We need moderate politicians who will work together, not party line zombies.

  15. Avatar Tim says:

    RV, do you realize that those evil shareholders demanding a return on their investment are largely pension funds? They lend money to “evil corporations” in exchange for more money later to pay their retirees so workers won’t have to contribute as much to their retirement plans while working.

    PG&E is a regulated utility with very low profits that are set by the state. It must also abide by state mandates including investing in renewable energy (that lowers their profits by decreasing demand) and needlessly replacing 400 miles of pipeline following the failure of 1 improperly installed joint in San Bruno. At the same time, regulators limited requests to increase rates to maintain the grid (regulators allowed PG&E ~4% annual rate increases since 2008, but that still resulted in a decline in net income once you adjust for inflation).

    Those were Democrat regulators with those unsustainable mandates & shortsighted oversight.

    • R.V. Scheide R.V. Scheide says:

      So, you’re defending the totally corrupt management of PG&E and CalPers? And the unsustainable pensions public employee unions have extracted? And the richest 10 percent of America that owns 84 percent of all equities?

      Help me out bro, I’m confused.

      • Avatar Tim says:

        There is an increasingly poor understanding of capitalism today, particularly amongst “socialist democrats.” Capitalism is fundamentally a social endeavor: capitalists struggle to find the best ways to provide goods and services to those who can make the best use of it.

        I so often hear Capitalism derided for being greedy, but greed to me is majoring in underwater basketweaving and then expecting society to provide for you while you create your “art.” Do we call greedy the guy who takes a sanitation job because it pays better? Who does more good for society?

        Part of the fundamental misunderstanding of capitalism relates to ownership of the stock market:
        Mutual funds own 23% of the US stock market.
        Public Pension funds own 12%
        401(k)s & IRAs account for 11%
        46% of the market is indirectly owned by US workers/retirees.

        Another ~25% is held by individual US brokerage accounts & ~15% held by foreign accounts. Only 3% is owned by hedge funds…

        You, and many others, have been misled into believing 10% owns 84% of the stock market. That is grossly inaccurate. 10% owns 84% of directly owned stocks. But only 25% of the stock market is directly owned by individuals so that 10% really own only 21% of the stock market…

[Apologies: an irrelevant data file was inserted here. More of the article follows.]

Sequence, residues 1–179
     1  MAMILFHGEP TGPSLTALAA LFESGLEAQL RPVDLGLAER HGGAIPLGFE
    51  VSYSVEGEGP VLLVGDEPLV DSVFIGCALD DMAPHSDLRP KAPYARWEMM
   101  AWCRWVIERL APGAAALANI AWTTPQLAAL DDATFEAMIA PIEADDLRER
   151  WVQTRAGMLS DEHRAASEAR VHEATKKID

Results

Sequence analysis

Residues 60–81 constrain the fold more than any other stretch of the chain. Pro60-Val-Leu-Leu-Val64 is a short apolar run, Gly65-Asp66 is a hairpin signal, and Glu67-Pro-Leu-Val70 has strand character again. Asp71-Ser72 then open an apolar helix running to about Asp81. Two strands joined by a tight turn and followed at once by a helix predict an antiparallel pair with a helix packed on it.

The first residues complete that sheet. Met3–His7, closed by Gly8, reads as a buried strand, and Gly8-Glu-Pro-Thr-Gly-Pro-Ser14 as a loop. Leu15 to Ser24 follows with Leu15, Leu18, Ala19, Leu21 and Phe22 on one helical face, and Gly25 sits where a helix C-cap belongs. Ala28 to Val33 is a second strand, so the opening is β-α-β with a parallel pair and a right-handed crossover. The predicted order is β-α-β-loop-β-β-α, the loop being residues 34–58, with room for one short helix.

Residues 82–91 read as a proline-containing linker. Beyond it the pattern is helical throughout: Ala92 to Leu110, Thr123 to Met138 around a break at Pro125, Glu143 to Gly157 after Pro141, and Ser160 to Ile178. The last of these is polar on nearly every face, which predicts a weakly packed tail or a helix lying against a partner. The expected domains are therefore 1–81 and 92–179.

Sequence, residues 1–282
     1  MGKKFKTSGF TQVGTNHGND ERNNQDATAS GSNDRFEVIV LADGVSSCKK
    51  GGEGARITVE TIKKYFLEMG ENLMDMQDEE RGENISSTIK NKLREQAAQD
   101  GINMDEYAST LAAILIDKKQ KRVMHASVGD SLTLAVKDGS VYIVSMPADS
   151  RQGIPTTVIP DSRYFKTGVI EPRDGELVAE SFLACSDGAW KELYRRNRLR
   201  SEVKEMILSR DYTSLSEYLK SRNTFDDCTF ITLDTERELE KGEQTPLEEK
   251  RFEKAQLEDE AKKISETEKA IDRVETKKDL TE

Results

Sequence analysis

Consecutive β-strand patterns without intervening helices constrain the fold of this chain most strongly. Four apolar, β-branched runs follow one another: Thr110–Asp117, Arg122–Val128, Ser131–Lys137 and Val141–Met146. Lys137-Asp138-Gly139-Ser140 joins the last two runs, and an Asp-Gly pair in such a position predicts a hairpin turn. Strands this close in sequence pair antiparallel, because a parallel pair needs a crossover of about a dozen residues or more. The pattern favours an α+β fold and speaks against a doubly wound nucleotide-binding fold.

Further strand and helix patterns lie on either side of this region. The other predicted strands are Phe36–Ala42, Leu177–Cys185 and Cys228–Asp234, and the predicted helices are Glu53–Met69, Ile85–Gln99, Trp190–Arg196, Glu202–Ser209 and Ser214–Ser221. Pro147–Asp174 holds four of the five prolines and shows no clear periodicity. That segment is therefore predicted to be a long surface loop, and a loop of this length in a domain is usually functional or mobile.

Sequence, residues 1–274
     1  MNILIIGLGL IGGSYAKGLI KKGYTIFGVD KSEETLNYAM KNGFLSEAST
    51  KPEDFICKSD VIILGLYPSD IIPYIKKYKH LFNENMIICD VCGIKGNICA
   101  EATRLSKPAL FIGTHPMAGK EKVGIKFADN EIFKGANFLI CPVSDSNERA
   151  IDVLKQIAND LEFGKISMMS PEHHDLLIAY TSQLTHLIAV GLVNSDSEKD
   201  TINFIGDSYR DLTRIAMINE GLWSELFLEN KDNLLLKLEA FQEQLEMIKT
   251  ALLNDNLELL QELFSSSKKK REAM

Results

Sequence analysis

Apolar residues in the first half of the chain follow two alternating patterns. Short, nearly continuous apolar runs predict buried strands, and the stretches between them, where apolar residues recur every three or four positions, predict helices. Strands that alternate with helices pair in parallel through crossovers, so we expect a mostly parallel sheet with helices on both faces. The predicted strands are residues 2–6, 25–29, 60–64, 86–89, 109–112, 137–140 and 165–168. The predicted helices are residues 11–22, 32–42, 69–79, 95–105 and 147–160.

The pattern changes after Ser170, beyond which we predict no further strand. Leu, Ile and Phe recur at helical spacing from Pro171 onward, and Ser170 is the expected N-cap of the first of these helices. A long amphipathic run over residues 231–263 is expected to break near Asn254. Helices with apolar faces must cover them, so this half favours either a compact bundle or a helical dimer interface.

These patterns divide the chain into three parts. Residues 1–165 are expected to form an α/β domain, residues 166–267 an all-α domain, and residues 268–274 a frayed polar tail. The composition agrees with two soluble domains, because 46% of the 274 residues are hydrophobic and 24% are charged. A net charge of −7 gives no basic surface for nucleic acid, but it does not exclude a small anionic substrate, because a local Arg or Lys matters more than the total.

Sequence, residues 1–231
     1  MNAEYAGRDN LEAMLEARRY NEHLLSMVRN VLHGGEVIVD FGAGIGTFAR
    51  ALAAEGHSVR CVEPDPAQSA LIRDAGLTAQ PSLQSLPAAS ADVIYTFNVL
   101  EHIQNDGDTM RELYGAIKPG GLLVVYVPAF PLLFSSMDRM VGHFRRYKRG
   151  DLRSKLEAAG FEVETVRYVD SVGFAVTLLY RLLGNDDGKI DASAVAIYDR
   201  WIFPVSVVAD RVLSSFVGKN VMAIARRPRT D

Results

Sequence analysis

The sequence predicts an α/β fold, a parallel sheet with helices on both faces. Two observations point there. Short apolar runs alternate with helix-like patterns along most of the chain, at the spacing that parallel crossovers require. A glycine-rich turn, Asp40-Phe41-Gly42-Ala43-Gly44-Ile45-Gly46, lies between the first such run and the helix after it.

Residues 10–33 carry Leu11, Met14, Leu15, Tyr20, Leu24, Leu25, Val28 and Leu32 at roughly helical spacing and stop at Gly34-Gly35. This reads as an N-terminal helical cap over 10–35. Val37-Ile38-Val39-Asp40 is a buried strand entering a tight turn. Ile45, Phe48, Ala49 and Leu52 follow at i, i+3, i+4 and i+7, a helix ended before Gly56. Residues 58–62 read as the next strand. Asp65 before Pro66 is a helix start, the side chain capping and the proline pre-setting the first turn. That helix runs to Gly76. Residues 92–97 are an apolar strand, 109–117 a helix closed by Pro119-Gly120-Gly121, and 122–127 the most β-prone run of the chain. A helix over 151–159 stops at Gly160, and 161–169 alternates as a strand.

This misunderstanding is akin to the oft-repeated lie that the rich pay less in taxes. The rich pay more – lots more! In fact, the top 10% pay 71% of all taxes! The confusion comes from socialist advocates misleading the public by saying the rich often pay a lower *percentage of their income* in taxes.

        Back to PG&E: California PUC regulators bear more blame than PG&E management. There was no way for PG&E to succeed given the constraints California placed on them – PG&E management just cashed in for as long as they could.

        I don’t condone that behavior, but it is no different from the hundreds of thousands of public employees currently enjoying unsustainable pay/benefits. Objectively everyone can see spending $200,000 on each cop & firefighter can’t go on forever, but human nature being what it is, people seem content to stick their heads in the sand and hope they get off the boat before it sinks…

  16. Avatar Gary Tull says:

    A lot of illuminating dialogue on this one. Thank you ANC and R.V. Scheide.

  17. Frank Treadway Frank Treadway says:

    PGE=Use Drones instead of 100s of giant polluting trucks and helicopters to patrol your inefficient power lines. Go underground where it’s highly flammable.
    Climate Nay-sayers=Take a look around our north state basin every morning, 365 days a year and you’ll see a whole new horizon. What do you think that’s from ?
    Megan D. supporters=Before you cast your vote, please ask her why she has taken contributions from the Vape industry, the Toxic fertilizer industry and the Opioid industry. Her response to me at a forum was, “It’s a 1st Amendment right” and “Do you realize how much those mailers cost I send out ?” That was her Jaw Dropping response.
    Elizabeth B=Before you vote for her, ask yourself who’ll have the ability to create legislation that’ll be positive for our North State ? Then ask yourself who’ll be able to get that legislation passed. You’re right, it’s Elizabeth Betancourt. She’ll not only be able to work across the aisle, but have the ear of the majority of those in control of what comes out of the Capitol; whether you like it or not. Until the voter registration is changed throughout CA, this is where the electoral power lies and the votes are cast.

    • R.V. Scheide R.V. Scheide says:

      Frank, recent news reports indicate has long had the financial resources to upgrade their infrastructure, including the burying of power lines, but instead chose to reward its executives and shareholders. Egregious mismanagement. It’s time to make PG&E a true public utility.

      • Avatar Doug Cook says:

        By the way RV… don’t know if you caught this. But the same week that power was turned off, PG&E announced a multi million dollar bonus distribution to their executives. Oh the irony.b

  18. R.V. Scheide R.V. Scheide says:

    For those who would like to view the entire LWVRA candidate forum between Elizabeth Betancourt and Megan Dahle, here’s a link to the video.